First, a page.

The Right to Receive Funding

The right of citizens to form associations and receive funding to pursue their missions is enshrined in international human rights law. Yet over 160 laws in nearly 70 countries have been passed to restrict this right since 2012 (ICNL). These laws severely constrain the ability of CSOs to implement programs that serve their communities and ultimately threaten their sustainability.

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  • Case Studies
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RIGHT TO RECEIVE FUNDING INFOGRAPHIC

Click the picture to view the infographic in English.
Click the picture to view the infographic in English.

Restrictions on civil society’s ability to access funding are not limited to specific laws, but can be disguised in administrative provisions and practices or extralegal activities coordinated by governments against independent CSOs. Governments often target CSOs that receive international funding by publicly accusing them of being “foreign agents” or corrupt. They place burdensome restrictions on banks and insurers to discourage them from providing services to CSO that receive funding, or place travel restrictions on CSO employees. They may also encourage pro-government groups and media outlets to harass or slander CSOs that receive international funding from legal sources. This site offers a set of tools to help activists protect their right to access resources.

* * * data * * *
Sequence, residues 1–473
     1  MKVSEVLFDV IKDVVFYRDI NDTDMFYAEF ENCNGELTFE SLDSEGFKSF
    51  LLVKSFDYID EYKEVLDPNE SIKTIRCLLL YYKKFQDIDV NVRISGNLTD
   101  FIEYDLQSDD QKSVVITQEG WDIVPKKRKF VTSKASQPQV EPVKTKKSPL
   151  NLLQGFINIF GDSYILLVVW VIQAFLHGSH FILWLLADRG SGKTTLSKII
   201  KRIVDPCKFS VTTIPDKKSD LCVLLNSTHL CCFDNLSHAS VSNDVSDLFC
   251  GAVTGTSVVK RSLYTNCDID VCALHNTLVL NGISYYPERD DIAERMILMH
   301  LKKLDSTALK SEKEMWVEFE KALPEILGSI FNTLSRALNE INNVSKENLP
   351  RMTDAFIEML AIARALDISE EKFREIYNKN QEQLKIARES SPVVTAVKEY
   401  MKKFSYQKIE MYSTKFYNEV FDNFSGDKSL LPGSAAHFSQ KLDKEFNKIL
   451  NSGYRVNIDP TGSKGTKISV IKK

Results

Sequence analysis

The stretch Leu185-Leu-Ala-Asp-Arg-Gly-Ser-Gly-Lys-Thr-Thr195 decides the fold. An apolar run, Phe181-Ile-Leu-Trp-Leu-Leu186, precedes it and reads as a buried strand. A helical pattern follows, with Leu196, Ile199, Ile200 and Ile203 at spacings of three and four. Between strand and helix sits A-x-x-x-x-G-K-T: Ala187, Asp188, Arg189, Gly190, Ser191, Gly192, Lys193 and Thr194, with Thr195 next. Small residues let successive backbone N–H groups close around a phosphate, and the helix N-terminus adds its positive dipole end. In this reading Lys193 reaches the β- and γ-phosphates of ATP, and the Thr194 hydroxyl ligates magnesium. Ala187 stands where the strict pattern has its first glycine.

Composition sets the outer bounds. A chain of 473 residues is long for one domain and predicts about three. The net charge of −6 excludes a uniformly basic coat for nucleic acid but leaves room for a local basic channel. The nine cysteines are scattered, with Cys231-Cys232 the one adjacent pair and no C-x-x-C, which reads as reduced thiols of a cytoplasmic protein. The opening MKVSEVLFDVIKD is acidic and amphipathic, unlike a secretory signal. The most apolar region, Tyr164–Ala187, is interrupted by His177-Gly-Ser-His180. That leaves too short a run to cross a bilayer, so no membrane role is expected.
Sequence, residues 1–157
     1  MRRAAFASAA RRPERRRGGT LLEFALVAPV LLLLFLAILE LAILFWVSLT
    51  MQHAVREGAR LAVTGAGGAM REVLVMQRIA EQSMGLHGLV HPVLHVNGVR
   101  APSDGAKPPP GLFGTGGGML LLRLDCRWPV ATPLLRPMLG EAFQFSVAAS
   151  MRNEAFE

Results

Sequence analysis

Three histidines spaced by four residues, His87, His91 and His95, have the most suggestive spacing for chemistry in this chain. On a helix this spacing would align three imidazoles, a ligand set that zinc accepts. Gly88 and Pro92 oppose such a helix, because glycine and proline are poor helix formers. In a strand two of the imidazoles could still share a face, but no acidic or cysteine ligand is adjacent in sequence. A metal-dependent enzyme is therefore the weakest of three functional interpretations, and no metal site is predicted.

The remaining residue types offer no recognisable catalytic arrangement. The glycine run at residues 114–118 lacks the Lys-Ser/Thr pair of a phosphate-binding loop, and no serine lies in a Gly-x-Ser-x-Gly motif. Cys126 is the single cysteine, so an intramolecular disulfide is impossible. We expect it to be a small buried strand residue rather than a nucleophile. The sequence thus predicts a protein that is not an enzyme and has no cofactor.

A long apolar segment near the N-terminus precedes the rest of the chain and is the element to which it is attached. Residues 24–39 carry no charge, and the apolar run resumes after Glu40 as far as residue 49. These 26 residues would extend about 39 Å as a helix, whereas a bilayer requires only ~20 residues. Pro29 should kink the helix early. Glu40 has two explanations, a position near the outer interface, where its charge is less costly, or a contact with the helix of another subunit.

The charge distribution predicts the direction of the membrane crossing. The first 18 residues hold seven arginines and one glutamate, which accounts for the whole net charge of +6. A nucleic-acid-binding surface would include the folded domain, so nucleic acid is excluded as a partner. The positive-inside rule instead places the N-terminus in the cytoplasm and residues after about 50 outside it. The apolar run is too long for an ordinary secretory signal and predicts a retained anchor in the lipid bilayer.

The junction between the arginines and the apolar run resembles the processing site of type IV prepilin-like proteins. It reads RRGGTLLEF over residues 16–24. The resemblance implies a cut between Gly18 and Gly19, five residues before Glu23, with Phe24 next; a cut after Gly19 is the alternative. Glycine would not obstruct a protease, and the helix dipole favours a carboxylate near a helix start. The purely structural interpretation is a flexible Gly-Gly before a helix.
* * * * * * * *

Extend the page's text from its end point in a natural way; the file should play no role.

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UPDATE: UN HUMAN RIGHTS COMMITTEE AFFIRMS CIVIL SOCIETY’S RIGHT TO RECEIVE FUNDING

On July 29, 2020 the UN Office of the High Commissioner for Human Rights (OHCHR) published General Comment #37 on Article 21 of the International Covenant on Civil and Political Rights (ICCPR), which protects the right to peaceful assembly. Article 33 within the General Comment affirms the right of activists and civil society organizations to receive resources to support their work. General Comments are official UN interpretations of provisions in binding international human rights laws, making Article 33 of the General Comment the strongest international mechanism yet for protecting civil society’s right to receive funding.

Read the General Comment here.

 

UN EXPERT CHRISTOF HEYNS ON GENERAL COMMENT #37

Watch our Steering Committee member Hassan Shire discuss General Comment #37 on Freedom of Peaceful Assembly with UN Expert Christof Heyns. Read the General Comment here.

CIVIL SOCIETY ADVOCATES FOR THE RIGHT TO RECEIVE FUNDING!

While it is important to raise awareness about government actions that restrict civic spaces and civil liberties, it’s also important to highlight countries where civil society has successfully advocated for their freedoms and their right to receive funding. We recently held an online discussion with activists from Nigeria, Ethiopia, and Guatemala to talk about the threats they faced and how these successes were achieved. You can also learn more about these civil society success stories by reading the below three cases studies.